What this pulling away of subjects also does is emphasize Beowulf’s individuality all the more. It separates him from the Geatish people, and thereby allows the poet to elevate him somewhat. In a way, it allows Beowulf to be set on such a height where he is truly alone, making it clear that the poem is about him and should be named accordingly.

Back To Top
Fame, Preservation, Power

It’s one thing to end an epic poem with the death and burial of its main character. It’s quite another to end it on the comment that said character was the “most eager for fame” (“lofgeornost” (l.3182)).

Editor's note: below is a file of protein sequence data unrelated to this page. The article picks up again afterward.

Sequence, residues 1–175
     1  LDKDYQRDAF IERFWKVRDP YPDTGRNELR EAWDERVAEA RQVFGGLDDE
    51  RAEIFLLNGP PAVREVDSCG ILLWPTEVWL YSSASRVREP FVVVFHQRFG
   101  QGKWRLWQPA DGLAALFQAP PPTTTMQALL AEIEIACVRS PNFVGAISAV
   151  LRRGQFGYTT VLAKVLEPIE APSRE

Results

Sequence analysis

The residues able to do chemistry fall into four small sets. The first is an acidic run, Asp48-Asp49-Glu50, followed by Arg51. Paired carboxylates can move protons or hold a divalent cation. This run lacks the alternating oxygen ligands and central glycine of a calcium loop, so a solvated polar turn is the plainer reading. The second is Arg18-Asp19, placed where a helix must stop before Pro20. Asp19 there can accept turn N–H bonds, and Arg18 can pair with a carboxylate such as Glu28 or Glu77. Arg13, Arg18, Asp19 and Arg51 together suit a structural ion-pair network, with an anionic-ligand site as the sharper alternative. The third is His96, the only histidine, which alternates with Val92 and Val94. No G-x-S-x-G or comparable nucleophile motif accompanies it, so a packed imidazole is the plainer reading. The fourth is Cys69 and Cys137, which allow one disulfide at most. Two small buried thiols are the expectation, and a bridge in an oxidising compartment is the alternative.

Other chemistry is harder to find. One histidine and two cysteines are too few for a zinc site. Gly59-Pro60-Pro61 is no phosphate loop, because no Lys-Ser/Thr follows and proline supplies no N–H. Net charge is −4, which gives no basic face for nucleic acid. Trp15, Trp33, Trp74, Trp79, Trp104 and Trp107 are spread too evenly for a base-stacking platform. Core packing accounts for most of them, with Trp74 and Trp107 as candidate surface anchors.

Beowulf‘s ending in such a way strikes me as strange. Not because it’s out of place, but because it could well be the reason for the poem’s composition and endurance into manuscript form. After that it was just a matter of surviving, fire, rats, and worms, so that there were still enough words for modern people to read it.

Such an ending isn’t out of place, because it was fame that endured and Anglo-Saxons (like most peoples with an oral tradition) were sure to know this. In a way, living on through your fame could be considered similar to living on in spirit not just with family and friends, but with all who knew you. In a way, having as much fame as Beowulf did could possibly be intertwined with ideas of having a great magnanimity.